Daniels’ workshop displayed a visible love of his craft and the traditional execution of it, filled with what would today be considered vintage tools and treasures possibly found at auction or second-hand markets.
Philippe Dufour, who still actively produces watches, comes as close these days to the imagined ideal making handmade watches. Dufour, it should be said however, receives his base plates from a supplier who manufactures them by CNC – and other components as well.
Nonetheless, Dufour spends much more time and effort on the handcrafted parts of his watches than just about anyone else: handmaking parts he cannot get supplied, filing and perfecting those that are supplied, and above all finishing every piece by hand in his fastidious way.
The few watches that emerge from Dufour’s workshop every year are indeed about as close to handmade as the watch industry is capable of producing in this day and age now that Daniels is gone.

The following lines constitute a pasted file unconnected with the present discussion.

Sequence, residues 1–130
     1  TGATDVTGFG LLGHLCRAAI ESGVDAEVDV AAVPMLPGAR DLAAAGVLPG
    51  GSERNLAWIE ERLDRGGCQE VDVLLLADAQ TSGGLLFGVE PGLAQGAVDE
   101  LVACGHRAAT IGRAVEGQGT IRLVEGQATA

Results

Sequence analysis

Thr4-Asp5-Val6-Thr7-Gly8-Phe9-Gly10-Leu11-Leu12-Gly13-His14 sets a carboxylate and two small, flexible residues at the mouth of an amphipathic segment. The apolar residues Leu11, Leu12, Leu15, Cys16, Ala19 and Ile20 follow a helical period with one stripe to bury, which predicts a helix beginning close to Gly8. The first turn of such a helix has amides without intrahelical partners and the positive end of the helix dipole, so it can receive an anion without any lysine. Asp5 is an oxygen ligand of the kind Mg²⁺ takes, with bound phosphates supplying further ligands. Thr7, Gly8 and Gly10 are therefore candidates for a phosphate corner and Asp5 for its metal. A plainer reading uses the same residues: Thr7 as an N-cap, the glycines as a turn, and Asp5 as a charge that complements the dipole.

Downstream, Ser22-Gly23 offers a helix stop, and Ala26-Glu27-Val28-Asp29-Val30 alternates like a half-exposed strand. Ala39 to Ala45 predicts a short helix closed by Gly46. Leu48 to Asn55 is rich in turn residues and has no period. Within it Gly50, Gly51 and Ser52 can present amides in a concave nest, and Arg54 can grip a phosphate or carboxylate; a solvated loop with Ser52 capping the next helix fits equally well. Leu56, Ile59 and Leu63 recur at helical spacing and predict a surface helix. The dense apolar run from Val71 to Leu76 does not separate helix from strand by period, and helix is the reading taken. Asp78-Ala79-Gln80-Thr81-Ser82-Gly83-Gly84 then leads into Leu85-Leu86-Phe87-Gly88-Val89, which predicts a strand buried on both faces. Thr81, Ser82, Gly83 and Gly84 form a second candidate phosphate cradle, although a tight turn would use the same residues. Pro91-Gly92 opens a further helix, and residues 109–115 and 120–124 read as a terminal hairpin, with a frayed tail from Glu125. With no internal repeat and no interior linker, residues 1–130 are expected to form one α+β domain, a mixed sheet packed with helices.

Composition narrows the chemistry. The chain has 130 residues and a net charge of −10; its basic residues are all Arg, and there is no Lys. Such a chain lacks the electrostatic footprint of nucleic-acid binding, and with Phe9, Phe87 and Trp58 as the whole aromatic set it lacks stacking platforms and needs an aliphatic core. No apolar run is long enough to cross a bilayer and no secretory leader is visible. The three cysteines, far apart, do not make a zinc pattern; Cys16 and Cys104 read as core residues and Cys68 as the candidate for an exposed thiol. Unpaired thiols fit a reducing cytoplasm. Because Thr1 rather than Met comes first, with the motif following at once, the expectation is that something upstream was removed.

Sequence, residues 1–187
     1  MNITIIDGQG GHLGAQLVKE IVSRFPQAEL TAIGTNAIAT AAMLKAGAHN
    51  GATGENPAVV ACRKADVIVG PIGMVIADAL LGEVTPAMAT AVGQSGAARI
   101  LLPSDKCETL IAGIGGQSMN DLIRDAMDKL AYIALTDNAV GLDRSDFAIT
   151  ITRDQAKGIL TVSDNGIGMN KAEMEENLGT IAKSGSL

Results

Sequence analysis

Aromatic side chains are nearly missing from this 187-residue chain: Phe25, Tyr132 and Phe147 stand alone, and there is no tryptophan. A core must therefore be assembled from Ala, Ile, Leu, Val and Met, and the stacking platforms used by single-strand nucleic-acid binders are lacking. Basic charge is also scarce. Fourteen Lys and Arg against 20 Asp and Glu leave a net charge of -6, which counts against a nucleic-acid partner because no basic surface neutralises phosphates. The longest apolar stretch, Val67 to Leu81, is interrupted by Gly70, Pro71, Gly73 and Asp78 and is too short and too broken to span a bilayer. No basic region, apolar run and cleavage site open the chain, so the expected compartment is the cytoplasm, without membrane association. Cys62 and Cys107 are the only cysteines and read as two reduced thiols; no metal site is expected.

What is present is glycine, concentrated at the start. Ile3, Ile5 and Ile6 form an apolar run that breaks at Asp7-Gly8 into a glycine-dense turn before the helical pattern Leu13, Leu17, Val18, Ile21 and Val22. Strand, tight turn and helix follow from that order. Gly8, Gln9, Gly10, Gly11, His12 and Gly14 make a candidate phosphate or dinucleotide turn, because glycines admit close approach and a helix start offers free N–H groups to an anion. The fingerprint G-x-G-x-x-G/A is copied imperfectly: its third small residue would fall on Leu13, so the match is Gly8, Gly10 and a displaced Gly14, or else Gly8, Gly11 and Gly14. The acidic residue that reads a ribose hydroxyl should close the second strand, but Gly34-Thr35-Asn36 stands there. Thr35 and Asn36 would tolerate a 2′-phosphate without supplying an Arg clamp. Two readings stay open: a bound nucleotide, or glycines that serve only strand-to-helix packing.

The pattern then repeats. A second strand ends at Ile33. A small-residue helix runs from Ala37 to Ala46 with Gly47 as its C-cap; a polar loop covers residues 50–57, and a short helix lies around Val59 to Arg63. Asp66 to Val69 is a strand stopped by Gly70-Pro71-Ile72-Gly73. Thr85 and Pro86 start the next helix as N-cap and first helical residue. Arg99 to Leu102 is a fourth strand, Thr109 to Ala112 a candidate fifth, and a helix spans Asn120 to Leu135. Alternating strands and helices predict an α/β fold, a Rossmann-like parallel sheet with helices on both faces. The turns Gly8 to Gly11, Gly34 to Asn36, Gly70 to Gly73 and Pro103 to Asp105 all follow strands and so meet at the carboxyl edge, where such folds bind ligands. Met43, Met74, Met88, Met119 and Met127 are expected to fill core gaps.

“[Today’s companies] are not seeing the big picture; the handmade watch has much more elegance – like nature, it is proportional. It is important to make it flow, otherwise it is just a box of gears,” Daniels told me a few years before his death.
And like Dufour, Daniels put particular emphasis on finishing. “Finish reflects perfection,” he said, echoing Dufour’s unspoken sentiments.
A newer entry, Greubel Forsey is both renowned for its high-end hand-finishing and the importance of preserving traditional handmade skills and techniques. This is epitomized by the brand’s Hand Made 1.
It’s all in the finish
The finishing is therefore what we are usually referring to in modern “handmade” watches since most mechanical watches are assembled by hand. And here is where the lines really do blur and the consumer can be easily confused.